Today I finally had enough. First I considered making a user script for WaniKani to make it work a bit more like Anki (where you don't type the answer at all, you simply indicate how well you knew it with one tap). But then I realized that I might as well just use Anki directly.
I always thought taking notes was a waste of time. Surely you could just look back at the slides if you forgot something?
But I realized I might have had it backwards all this time. What if you take notes not to have something to refer to, but because it forces you to listen with greater attention and strengthens your memory?
To really take notes you need to understand the subject well enough to pick out the key phrases and concepts in real time, all while the lecturer is speaking on and on. It's similar to how actually doing the …
After being tempted for a good while, I finally read Gabriel Wyner's Fluent Forevercache. It's a solid introduction to language learning and teaches you a lot of good techniques. While I knew most of it already in theory, I hadn't put everything into practice yet, so reading it was a good way to take a look at my own language learning and see what I could improve.
Introduction: Stab, Stab, Stab
Gabriel starts of with 3 basic keys to language learning: 1. Learn pronunciation fast 2. Don't translate 3. Use SRS
He then recommends to get a few books …
If you've seen my post on motivation hacking then you know that I'm using Beeminder to track a wide variety of things. I try everything I can to automate the tracking - import learning data directly from Duolingo, have a custom script poll WaniKani for my current level, track how long I practice piano by reading midi output over USB, integrating with Runkeeper to track how often I run, etc.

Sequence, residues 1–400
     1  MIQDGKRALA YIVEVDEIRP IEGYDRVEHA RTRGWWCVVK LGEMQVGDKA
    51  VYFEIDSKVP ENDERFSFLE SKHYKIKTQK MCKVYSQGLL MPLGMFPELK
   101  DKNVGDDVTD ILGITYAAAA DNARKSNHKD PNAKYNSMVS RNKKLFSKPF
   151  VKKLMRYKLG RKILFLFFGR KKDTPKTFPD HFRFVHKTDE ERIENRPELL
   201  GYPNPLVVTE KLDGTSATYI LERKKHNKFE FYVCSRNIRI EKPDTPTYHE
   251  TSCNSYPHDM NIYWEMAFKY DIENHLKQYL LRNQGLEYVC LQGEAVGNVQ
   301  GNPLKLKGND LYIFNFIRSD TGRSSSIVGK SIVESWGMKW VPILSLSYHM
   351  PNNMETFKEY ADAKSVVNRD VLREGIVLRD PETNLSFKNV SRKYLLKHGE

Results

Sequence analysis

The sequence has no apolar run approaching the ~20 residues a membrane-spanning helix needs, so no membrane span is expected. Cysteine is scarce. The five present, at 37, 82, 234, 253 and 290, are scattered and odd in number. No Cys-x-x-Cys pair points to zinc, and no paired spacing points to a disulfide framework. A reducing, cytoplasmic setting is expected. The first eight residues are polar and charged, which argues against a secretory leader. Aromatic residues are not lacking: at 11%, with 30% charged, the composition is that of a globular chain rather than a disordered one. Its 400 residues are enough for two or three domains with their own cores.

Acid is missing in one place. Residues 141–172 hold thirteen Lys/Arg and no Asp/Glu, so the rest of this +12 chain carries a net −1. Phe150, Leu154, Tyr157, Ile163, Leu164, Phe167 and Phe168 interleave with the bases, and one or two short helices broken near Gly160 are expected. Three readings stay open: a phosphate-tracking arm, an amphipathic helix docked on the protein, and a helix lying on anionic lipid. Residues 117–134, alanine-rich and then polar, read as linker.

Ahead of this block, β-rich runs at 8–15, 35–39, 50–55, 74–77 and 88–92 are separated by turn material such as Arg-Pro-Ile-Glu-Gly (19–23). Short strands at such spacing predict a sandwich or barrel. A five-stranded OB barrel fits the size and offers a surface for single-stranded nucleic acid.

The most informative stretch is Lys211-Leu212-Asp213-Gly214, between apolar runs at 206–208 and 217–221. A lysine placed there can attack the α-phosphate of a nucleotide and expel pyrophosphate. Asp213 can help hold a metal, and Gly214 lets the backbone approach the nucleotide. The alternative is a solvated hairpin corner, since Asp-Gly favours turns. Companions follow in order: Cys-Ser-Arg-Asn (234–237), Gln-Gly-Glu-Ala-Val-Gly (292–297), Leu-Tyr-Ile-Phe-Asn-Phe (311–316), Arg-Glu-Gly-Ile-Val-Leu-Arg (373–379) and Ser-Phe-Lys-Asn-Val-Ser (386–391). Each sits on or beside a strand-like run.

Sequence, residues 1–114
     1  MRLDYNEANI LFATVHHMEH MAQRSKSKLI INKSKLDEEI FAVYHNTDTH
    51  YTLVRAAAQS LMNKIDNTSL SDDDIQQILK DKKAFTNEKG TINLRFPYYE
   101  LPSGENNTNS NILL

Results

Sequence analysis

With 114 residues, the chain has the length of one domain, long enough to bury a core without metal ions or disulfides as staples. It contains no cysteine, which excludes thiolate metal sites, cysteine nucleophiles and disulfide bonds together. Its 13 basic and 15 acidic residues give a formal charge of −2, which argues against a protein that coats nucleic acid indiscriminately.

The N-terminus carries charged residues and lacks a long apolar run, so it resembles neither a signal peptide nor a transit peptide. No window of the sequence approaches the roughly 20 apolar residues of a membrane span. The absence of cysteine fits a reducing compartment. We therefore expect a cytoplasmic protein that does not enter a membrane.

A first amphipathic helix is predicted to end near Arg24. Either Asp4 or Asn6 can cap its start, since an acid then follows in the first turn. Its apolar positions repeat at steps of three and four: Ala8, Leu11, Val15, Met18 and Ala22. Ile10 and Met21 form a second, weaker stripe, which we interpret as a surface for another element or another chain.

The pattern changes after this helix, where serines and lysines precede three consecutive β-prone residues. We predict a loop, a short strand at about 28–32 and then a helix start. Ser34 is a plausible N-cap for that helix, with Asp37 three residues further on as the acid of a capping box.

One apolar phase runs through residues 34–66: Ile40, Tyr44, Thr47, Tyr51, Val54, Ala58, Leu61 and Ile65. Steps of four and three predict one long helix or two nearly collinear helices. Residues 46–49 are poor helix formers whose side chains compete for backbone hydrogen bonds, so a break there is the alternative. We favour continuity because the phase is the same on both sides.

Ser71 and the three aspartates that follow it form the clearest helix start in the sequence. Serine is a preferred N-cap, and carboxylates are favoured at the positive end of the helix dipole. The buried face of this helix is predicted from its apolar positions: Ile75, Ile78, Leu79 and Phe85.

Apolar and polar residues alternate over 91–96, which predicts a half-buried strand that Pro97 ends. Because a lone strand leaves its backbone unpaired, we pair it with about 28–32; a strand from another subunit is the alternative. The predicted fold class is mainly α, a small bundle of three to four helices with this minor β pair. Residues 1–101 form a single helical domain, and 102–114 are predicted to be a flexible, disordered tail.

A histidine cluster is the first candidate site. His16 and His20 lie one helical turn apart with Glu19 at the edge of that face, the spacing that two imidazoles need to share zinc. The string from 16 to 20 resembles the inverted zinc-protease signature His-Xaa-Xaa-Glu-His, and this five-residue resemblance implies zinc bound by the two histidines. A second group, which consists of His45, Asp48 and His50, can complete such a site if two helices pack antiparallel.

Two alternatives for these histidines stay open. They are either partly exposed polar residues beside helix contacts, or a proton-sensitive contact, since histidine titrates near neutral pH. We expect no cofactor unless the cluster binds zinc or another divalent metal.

After Annacache recommended that I read The Motivation Hackercache, I went down the rabbit hole. I had already discovered Beemindercache the day before, and now I was truly motivated to set myself up with some goals.
You can see them on my public goal pagecache, but for now they are primarily about keeping up my language studies, spending a bit more time on piano and making sure I go for a run regularly. I'm not sure if I actually care about the money betting features, but just seeing the steady line of past effort is quite …
Just recently, I passed an important milestone for my Japanese: 1000 Kanji learned. That's half the way to the official 2000 you supposedly need to read everyday newspapers, as well as other normal texts.
And indeed I have started to read Manga, Naruto and Death Note for now. It is still quite difficult to read, often I don't know what a sentence is supposed to mean, but luckily English translations are readily available on the Internet (I mostly use mangafox).
I've made an attempt at summarizing everything I know about learning languages into one page, also adding useful resources and books. It's both a personal reference and in the hopes that it will be useful to somebody else - it will certainly be nice to have when making recommendations to friends, be able to point them at a single resource.
Feel free to message me if I left out some essential book or grammar guide, I'll be happy to include them and use them myself!
It's been quite a while since my last post, two and a half months to be more precise. Back then, I mentioned I was heavily relying on Spaced-Repetition Systems (SRS) for learning and retention.
In the intermediate weeks I found that with increasing competency in a language - after reaching a basic comprehension of at least 5000 words - SRS become less and less effective. At this point, I've completely stopped using Anki for Spanish; instead I'm listening to random podcasts on my way to and from work, as well as watching TV shows in Spanish. My comprehension seems to have gotten …
More and more, I'm starting to rely on Spaced-Repetition systems (SRS) for learning. That's WaniKani for Japanese Kanji and Vocab, Memrise for good courses they have (like the one on Morse Code) and Anki for everything else I want to remember, like Spanish Vocab, books I've read, Latin expressions or the Nato phonetic alphabet. Once I've mastered a course, it will also be migrated to Anki for maintenance.
At the moment, I'm only have thousands of cards, but I'm quite curious how long-term maintenance is going to work once I reach tens of thousands and more. For one, reaching a …
Today, you don't even need to go to college to get access to all those fancy courses - thanks to MIT and Yale, you can now simply download and watch them at home:
If you are still in high school, or just want to know more about some subject, this is an ideal possibility to find out more - I listened to a bunch of lectures about Mathematics for my own paper.